It was only the second day that it really hit me – the loss of appetite, the total weakness, the inability to even get out of bed, the high fever, the shortness of breath. Should I or shouldn’t I go to hospital? All indications were that I should. I strongly contemplated calling my pulmonologist to seek advice. I also knew that, as I know him, that he wasn’t going to come close to even see. The blood saturation oxygen level kept dropping to alarmingly low levels and the pulse rate was very high. (Thankfully someone donated a pulse oximeter to do these observations.) The difference for making up my mind was that my cousin Gail, a professional nurse, had just come from night duty and was free for the next seven days. She moved into the presbytery with an air of authority and no nonsense. Together we thought that I would be much better off at home. She proceeded to change the bedroom into a hospital ward and took observations around the clock, every four hours. Every centimeter of the house was thoroughly sanitized, and so was the Church. Rather than improving, I felt that every day my body was thrown into a battle I could only lose. I wasn’t getting better and there were no significant signs of improvement. The obvious thought was that this could be fatal, and it had every feel of it. I am COPD (chronic obstructive pulmonary disease), in plain terms a chronically seriously affected asthmatic. In the words of my pulmonologist, he has never seen anyone with such brittle asthma. And that was ominously life-threatening as far as Covid-19 was concerned.
Sometime during the first week I realized that I had to fight back. I took out my favourite picture of Jesus, the one where he is knocking on the door seeking entry, and the photo of the person I love most, my young boy, the son of my youngest cousin, and with the help of Jesus I braced myself. I was keenly aware of the army of prayer warriors who were throwing their spiritual weight behind me. My spirit changed, though my body was struggling. The Rosary was my strength in those moments.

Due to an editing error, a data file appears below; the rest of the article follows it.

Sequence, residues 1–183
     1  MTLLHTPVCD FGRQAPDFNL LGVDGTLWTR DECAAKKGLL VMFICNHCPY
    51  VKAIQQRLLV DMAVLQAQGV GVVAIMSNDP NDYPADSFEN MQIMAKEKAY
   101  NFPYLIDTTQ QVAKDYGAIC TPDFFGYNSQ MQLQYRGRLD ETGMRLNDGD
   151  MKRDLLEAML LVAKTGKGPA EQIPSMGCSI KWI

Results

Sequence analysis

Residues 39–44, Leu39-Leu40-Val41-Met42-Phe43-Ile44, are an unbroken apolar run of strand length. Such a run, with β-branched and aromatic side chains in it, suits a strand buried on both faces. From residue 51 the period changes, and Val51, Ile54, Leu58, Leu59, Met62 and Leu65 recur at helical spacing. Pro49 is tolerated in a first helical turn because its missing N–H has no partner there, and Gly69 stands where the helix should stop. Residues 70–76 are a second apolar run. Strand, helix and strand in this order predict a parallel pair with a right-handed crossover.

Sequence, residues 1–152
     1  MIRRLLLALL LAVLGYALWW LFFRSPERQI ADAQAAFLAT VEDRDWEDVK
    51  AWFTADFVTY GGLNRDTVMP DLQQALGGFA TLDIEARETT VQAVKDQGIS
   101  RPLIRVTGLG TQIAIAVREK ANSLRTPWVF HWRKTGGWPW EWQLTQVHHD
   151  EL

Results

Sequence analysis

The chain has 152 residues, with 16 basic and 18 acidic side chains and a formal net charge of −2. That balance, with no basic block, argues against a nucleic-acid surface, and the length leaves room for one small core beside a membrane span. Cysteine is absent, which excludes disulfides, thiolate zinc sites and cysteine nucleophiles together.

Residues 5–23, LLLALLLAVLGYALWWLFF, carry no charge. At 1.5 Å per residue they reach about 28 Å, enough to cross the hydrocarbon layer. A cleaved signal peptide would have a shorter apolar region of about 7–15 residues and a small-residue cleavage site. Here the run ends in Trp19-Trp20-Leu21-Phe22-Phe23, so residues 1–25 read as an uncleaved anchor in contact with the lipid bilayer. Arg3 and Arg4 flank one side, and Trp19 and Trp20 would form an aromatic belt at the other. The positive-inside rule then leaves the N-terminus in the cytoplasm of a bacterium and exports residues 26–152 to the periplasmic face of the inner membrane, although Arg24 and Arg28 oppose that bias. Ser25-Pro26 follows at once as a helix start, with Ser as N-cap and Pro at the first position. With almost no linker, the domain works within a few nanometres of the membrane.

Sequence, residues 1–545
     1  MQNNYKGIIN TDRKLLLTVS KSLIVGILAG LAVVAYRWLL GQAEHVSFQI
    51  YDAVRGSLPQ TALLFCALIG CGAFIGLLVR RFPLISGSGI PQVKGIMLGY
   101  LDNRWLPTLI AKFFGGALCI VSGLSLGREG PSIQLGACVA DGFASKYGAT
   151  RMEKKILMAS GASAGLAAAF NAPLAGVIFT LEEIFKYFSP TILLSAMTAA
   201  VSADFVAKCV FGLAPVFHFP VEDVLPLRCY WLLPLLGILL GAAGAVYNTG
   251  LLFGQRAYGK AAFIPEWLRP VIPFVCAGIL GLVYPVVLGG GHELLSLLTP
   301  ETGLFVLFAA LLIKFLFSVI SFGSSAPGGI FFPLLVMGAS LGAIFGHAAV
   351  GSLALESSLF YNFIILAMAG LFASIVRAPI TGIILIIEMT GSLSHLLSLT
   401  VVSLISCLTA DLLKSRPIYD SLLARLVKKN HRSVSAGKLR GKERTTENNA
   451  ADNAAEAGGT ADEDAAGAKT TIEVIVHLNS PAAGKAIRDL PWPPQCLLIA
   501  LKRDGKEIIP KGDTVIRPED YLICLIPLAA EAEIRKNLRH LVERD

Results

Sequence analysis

Gradually there was slight change, not much but just enough to register some improvement. Still, I could barely go to the bathroom without being able to breathe comfortably. I was carefully and firmly nursed, which made all the difference. (The command, “Get out of bed”, always meant, “immediately”!) It was good that she was around because I could feed off her confidence. I wondered how people in hospital could improve without the moral support of visitors who form such a crucial part of the healing process. From the spiritual side, it was time to let God do the healing. And it happened. Though still weak, I could slowly do things for myself. I was exhausted after every movement and had to rest a lot.
Well, the blood saturation oxygen level was low, and just to be on the safe side, we decided to go to Vincent Pallotti Hospital to check if I needed to spend time in hospital. That was two weeks after I had first been diagnosed. The fear there was that I had an infection of the lungs or that there had been too much strain on the heart because the pulse rate was always sky high. All the tests came back with good results. The shortness of breath would go away with rest and time. Relieved I went home and knew the steep journey to recovery was well under control.
It still seems unreal and it became so personal. It was no longer about “them” and statistics. It was about me personally. I know that I beat the odds. This I fathom the more and more I am hearing and reading about the experiences of others. In my case, it could have gone the other way. In fact, the indications were that, humanly speaking, it should have gone the other way, given the severity of my underlying condition of asthma. I owe my recovery to good nursing care at home and to the myriad of people who prayed for me. There were those who from the third week began to bring food to make the workload lighter for the nurse. It has been for me a real experience of how much people love and care about me, from the moment I felt weak during Holy Mass, to being cared for during Holy Mass, to being almost bundled into the car to be taken to the Emergency Unit at Panorama Hospital (there was a need for decisive action, without which things could have really gone awry! There was no time for delay.), to the countless gestures of love and support. They made me feel that I belong.
Above all, I recovered by the grace of God. The powerful name of God is yet again filled with the experience of more love and mercy. To Him be glory and praise forever.
Fr Ivanhoe Allies (Bothasig)
July 29 2020